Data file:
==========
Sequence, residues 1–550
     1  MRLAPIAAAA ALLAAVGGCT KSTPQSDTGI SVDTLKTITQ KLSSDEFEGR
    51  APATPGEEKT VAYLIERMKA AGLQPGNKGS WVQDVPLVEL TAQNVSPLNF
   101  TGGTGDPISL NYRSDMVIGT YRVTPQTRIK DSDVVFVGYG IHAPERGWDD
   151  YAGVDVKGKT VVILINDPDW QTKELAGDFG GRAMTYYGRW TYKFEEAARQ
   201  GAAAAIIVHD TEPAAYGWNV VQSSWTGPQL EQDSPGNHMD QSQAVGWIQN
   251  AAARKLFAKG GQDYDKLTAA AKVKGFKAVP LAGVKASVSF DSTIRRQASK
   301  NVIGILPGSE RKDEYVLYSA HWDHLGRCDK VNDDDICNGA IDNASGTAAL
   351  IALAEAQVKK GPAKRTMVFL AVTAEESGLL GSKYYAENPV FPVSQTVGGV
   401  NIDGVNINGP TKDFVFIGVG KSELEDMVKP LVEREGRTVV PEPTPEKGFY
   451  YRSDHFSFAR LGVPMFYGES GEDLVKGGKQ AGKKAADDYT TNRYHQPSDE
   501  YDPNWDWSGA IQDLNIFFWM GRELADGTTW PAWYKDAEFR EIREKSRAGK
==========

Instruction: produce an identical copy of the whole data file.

Sequence, residues 1–550
     1  MRLAPIAAAA ALLAAVGGCT KSTPQSDTGI SVDTLKTITQ KLSSDEFEGR
    51  APATPGEEKT VAYLIERMKA AGLQPGNKGS WVQDVPLVEL TAQNVSPLNF
   101  TGGTGDPISL NYRSDMVIGT YRVTPQTRIK DSDVVFVGYG IHAPERGWDD
   151  YAGVDVKGKT VVILINDPDW QTKELAGDFG GRAMTYYGRW TYKFEEAARQ
   201  GAAAAIIVHD TEPAAYGWNV VQSSWTGPQL EQDSPGNHMD QSQAVGWIQN
   251  AAARKLFAKG GQDYDKLTAA AKVKGFKAVP LAGVKASVSF DSTIRRQASK
   301  NVIGILPGSE RKDEYVLYSA HWDHLGRCDK VNDDDICNGA IDNASGTAAL
   351  IALAEAQVKK GPAKRTMVFL AVTAEESGLL GSKYYAENPV FPVSQTVGGV
   401  NIDGVNINGP TKDFVFIGVG KSELEDMVKP LVEREGRTVV PEPTPEKGFY
   451  YRSDHFSFAR LGVPMFYGES GEDLVKGGKQ AGKKAADDYT TNRYHQPSDE
   501  YDPNWDWSGA IQDLNIFFWM GRELADGTTW PAWYKDAEFR EIREKSRAGK